Trans / gender related resources
Sam Dylan Finch has a fabulous blog, “Let’s Queer Things Up,” and has been one of the strongest advocates for trans inclusivity within the eating disorder community. (For example: “I’m Transgender And I Need Body Positivity, Too.) They also write a snarky & hilarious Twitter / Instagram account, @DietCultureInc.
Trans Folx Fighting Eating Disorders (T-FFED), based in LA, is a collective of trans/gender diverse folx and allies who believe eating disorders in marginalized communities are social justice issues. They consult with practitioners and have a free FB support group for trans and gender diverse folks.
Dara Hoffman-Fox is a gender therapist and has a a book You and Your Gender Identity: A Guide to Discovery to support you with your process.
Alok is one of my favorite people to follow on Instagram. So fabulous & smart.
Radical, Politicized Self Love
Sonya Renee Taylor, founder of The Body is Not An Apology (follow both her and her organization). She has a new book out recently, The Body is Not An Apology: The Power of Radical Self Love.)
The Healing Justice podcast is truly incredible. They interview amazing activists and thinkers, and along with each episode there’s a corresponding practice to check out and try on.
Awesome Fat, Smart Folks to Follow
Follow @shooglet (like, now! do not delay!) for absolutely stunning photos of fat folks. (NSFW - lots of gorgeous nudes, and some kink content.)
Ragen Chastain speaks & writes so eloquently on all things fat liberation. She’s been doing this work a long time, and also has a wonderfully resource rich blog, Dances with Fat, which also has a resource page.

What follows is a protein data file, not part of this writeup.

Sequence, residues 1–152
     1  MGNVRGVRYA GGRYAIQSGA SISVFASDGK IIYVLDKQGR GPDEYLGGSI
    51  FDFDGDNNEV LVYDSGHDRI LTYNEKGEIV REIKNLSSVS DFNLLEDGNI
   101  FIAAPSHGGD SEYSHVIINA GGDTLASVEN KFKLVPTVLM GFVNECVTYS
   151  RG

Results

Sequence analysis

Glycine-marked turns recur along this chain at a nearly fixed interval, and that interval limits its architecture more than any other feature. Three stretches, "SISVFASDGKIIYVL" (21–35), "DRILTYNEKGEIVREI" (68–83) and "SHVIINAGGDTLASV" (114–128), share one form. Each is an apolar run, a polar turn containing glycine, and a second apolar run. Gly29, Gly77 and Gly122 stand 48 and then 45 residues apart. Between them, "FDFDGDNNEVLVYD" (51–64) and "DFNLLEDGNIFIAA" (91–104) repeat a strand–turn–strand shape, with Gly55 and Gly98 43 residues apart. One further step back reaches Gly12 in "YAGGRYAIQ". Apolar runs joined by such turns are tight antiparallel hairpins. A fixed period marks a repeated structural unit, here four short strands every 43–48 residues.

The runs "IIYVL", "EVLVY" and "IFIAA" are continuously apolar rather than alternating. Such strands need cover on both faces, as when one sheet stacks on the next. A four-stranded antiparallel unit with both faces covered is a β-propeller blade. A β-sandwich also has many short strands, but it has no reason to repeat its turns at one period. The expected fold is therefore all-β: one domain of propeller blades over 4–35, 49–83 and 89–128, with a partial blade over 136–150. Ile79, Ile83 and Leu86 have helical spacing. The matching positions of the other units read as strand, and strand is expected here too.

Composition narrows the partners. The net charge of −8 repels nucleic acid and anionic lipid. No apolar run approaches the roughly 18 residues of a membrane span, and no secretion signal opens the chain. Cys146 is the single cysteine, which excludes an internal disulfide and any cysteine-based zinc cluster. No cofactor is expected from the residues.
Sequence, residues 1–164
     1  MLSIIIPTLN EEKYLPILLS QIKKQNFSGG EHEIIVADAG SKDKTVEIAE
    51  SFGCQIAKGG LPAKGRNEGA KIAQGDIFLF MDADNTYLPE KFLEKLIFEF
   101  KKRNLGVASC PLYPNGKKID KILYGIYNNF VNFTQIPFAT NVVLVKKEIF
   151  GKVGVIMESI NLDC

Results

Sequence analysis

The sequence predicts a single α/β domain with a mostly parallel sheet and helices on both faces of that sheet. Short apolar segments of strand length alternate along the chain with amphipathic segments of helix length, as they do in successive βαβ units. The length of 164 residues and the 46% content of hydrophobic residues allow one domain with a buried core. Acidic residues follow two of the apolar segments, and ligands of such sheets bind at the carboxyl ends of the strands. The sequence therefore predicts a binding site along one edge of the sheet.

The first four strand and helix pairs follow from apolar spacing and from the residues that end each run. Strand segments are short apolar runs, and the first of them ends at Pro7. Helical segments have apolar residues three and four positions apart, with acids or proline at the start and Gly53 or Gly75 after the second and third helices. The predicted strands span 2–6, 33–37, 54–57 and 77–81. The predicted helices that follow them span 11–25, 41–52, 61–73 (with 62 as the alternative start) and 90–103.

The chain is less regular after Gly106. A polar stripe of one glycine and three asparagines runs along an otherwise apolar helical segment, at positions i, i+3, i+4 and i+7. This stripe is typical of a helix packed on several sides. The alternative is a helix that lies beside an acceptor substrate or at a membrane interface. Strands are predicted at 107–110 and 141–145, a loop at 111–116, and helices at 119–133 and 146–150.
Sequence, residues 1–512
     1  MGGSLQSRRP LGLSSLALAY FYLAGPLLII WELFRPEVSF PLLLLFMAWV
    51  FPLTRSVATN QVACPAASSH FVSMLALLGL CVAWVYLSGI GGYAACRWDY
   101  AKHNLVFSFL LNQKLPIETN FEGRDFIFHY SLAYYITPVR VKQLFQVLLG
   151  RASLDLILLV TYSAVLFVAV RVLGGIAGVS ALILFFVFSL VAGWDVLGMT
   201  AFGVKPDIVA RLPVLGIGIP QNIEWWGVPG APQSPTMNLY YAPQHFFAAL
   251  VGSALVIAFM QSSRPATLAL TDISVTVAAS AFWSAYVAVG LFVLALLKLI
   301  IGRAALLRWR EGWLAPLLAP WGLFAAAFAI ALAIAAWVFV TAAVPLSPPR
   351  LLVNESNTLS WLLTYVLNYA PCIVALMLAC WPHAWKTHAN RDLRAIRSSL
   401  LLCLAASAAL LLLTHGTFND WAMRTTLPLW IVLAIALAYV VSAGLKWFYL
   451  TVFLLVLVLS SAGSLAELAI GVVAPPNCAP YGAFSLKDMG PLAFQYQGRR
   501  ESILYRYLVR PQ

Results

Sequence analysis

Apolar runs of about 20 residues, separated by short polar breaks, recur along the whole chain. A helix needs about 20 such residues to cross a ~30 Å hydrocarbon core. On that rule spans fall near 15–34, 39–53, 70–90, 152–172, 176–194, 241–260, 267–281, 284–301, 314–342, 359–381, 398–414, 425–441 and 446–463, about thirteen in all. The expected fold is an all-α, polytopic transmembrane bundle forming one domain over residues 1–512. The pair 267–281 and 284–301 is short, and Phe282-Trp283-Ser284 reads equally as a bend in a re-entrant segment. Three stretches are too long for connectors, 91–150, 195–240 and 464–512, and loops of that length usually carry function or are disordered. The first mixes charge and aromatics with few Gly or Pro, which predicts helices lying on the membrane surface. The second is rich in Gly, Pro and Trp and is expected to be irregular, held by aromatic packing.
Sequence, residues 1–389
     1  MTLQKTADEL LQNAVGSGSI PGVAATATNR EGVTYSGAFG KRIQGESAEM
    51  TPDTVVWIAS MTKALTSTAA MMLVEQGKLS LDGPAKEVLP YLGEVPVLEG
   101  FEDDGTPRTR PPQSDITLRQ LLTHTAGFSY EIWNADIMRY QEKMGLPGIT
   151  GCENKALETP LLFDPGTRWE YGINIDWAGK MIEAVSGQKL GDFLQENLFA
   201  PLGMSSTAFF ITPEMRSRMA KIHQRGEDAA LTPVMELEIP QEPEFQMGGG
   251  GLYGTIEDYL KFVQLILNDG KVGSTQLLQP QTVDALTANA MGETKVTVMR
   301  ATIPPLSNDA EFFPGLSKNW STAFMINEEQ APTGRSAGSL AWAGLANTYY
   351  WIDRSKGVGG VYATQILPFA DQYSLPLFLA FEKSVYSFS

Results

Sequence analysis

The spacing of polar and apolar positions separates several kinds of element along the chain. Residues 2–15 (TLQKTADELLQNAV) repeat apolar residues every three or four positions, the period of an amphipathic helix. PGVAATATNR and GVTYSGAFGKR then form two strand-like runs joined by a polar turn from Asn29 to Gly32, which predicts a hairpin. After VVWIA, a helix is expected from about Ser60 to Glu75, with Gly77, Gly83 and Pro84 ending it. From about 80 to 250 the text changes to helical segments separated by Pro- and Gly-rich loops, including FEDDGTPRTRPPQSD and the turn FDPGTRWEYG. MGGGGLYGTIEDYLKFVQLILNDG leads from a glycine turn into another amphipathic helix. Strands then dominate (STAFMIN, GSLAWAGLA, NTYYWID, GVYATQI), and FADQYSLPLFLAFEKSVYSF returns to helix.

Caleb Luna — writing, envisioning & enacting fatter strategies toward freedom.
Vanessa Rochelle Lewis honestly gives me hope for humanity. Her love, exuberance, intelligence and creativity truly awe me, and the way that she gracefully manages being so vulnerable, honest, courageous and accountable online inspires me.
Sex, Relationships & Boundaries
Marcia Baczynski teaches you about Asking for What You Want and runs the Good Girl Recovery Program (the name alone makes me feel so seen). I often recommend her “Self Care is Not Optional” blog post.
Body Trust Circle — on one of their retreats I had a moment of “YES, I have found my people, and a place to truly explore what drew me to the Bay Area — creativity, sexuality and spirituality.” They facilitate wonderful retreats & workshops, and have a fabulous podcast.
Sinclair Sexsmith is one of the four folks in the Body Trust collective and a writer, student, and teacher of sexuality, gender, kink, and relationship.
Queerness in General
Autostraddle has a lot of wonderful articles. (And I don’t just say that because they published an interview with me a few years ago when I ran my first Queer Body Love Speaker Series.) Their staff had a roundtable about how they feel about being fat that helps show some of the diversity of thoughts/feelings/experiences folks can feel.